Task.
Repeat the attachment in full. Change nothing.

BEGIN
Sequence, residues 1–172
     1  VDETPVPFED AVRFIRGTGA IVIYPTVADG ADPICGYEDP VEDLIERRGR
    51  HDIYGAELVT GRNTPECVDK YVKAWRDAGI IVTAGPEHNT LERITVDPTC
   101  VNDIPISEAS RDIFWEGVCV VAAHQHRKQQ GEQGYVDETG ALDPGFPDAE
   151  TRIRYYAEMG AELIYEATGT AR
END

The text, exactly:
Sequence, residues 1–172
     1  VDETPVPFED AVRFIRGTGA IVIYPTVADG ADPICGYEDP VEDLIERRGR
    51  HDIYGAELVT GRNTPECVDK YVKAWRDAGI IVTAGPEHNT LERITVDPTC
   101  VNDIPISEAS RDIFWEGVCV VAAHQHRKQQ GEQGYVDETG ALDPGFPDAE
   151  TRIRYYAEMG AELIYEATGT AR